Classic History Books

W.T. Massey - How Jerusalem Was Won. Allenby's Campaign in Palestine

for a renewed effort against Egypt after the failure of the attack on the Canal in February 1915. There
was an attempt by the Turks in August 1916, but it was crushed by Anzac horse and British infantry at

Romani,[1] a score of miles from Port Said, and thereafter the Turks in this theatre were on the

defensive. Some declare the Dardanelles enterprise to have been a mistake; others believe that had we

not threatened the Turks there Egypt would have had to share with us the anxieties that war brings alike

upon attackers and defenders. Gallipoli and Mesopotamia, however we regard those expeditions in the

first years of the struggle, undoubtedly prevented the Turks employing a large army against Egypt, and

the possibilities resulting from a defeat there were so full of danger to us, not merely in that half-way

house of the Empire but in India and the East generally, that if Gallipoli served to avert the disaster that

ill-starred expedition was worth undertaking. We had to drive the Turks out of the Sinai Peninsula -

Egyptian territory - and, that accomplished, an attack on the Turks through Palestine was imperative

since the Russian collapse released a large body of Turkish troops from the Caucasus who would

otherwise be employed in Mesopotamia.

[Footnote 1: The Desert Campaigns: London, Constable and Co., Ltd.]

When General Allenby took over the command of the Egyptian Expeditionary Force the British public as
a whole did not fully realise the importance of the Palestine campaign. Most of them regarded it as a 'side

show,' and looked upon it as one of those minor fields of operations which dissipated our strength at a

time when it was imperative we should concentrate to resist the German effort on the Western Front.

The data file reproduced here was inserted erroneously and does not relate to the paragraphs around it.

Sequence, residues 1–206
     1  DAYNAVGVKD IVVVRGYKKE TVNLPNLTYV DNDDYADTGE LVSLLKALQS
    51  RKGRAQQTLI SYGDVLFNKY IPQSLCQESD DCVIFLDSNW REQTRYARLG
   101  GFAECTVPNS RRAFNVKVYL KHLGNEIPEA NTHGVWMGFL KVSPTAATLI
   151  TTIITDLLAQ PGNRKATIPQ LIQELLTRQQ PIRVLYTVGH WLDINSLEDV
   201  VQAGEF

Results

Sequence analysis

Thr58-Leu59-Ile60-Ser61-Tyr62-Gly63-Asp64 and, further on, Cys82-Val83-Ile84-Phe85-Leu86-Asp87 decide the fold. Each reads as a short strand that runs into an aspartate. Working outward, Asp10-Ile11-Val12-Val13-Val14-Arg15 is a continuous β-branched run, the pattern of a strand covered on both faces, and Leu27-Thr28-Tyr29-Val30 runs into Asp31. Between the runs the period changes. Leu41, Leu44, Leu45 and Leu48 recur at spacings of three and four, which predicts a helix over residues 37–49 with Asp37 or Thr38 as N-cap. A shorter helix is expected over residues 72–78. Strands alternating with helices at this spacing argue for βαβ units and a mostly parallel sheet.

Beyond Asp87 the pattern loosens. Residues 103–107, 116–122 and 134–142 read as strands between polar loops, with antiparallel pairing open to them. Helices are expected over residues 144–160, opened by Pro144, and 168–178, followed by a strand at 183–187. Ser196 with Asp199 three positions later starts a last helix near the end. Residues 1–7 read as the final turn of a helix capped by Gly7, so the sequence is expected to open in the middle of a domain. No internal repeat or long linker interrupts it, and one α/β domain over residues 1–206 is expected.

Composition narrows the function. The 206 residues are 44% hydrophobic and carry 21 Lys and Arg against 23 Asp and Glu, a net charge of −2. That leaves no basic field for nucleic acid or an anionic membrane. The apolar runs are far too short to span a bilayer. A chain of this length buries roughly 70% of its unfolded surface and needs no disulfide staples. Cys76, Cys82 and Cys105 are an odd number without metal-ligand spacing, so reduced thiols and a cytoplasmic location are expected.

They did not know the facts. In our far-flung Empire it was essential that we should maintain our prestige

among the races we governed, some of them martial peoples who might remain faithful to the British flag

only so long as we could impress them with our power to win the war. They were more influenced by a

triumph in Mesopotamia, which was nearer their doors, than by a victory in France, and the occupation

of Bagdad was a victory of greater import to the King's Indian subjects than the German retirement from

the Hindenburg line. If there ever was a fear of serious trouble in India the advance of General Maude in

Mesopotamia dispelled it, and made it easier not only to release a portion of our white garrison in India

for active service elsewhere, but to recruit a large force of Indians for the Empire's work in other climes.

Bagdad was a tremendous blow to German ambitions. The loss of it spelt ruin to those hopes of Eastern

conquest which had prompted the German intrigues in Turkey, and it was certain that the Kaiser, so long

as he believed in ultimate victory, would refuse to accept the loss of Bagdad as final. Russia's withdrawal

as a belligerent released a large body of Turkish troops in the Caucasus, and set free many Germans,

particularly 'technical troops' of which the Turks stood in need, for other fronts. It was then that the

German High Command conceived a scheme for retaking Bagdad, and the redoubtable von Falkenhayn

was sent to Constantinople charged with the preparations for the undertaking. Certain it is that it would

have been put into execution but for the situation created by the presence of a large British Army in the

Sinai Peninsula. A large force was collected about Aleppo for a march down the Euphrates valley, and

the winter of 1917-18 would have witnessed a stern struggle for supremacy in Mesopotamia if the War

Cabinet had not decided to force the Turks to accept battle where they least wanted it.

The views of the British War Cabinet on the war in the East, at any rate, were sound and solid. They
concentrated on one big campaign, and, profiting from past mistakes which led to a wastage of strength,

allowed all the weight they could spare to be thrown into the Egyptian Expeditionary Force under a

General who had proved his high military capacity in France, and in whom all ranks had complete

confidence, and they permitted the Mesopotamian and Salonika Armies to contain the enemies on their

fronts while the Army in Palestine set out to crush the Turks at what proved to be their most vital point.

As to whether the force available on our Mesopotamia front was capable of defeating the German


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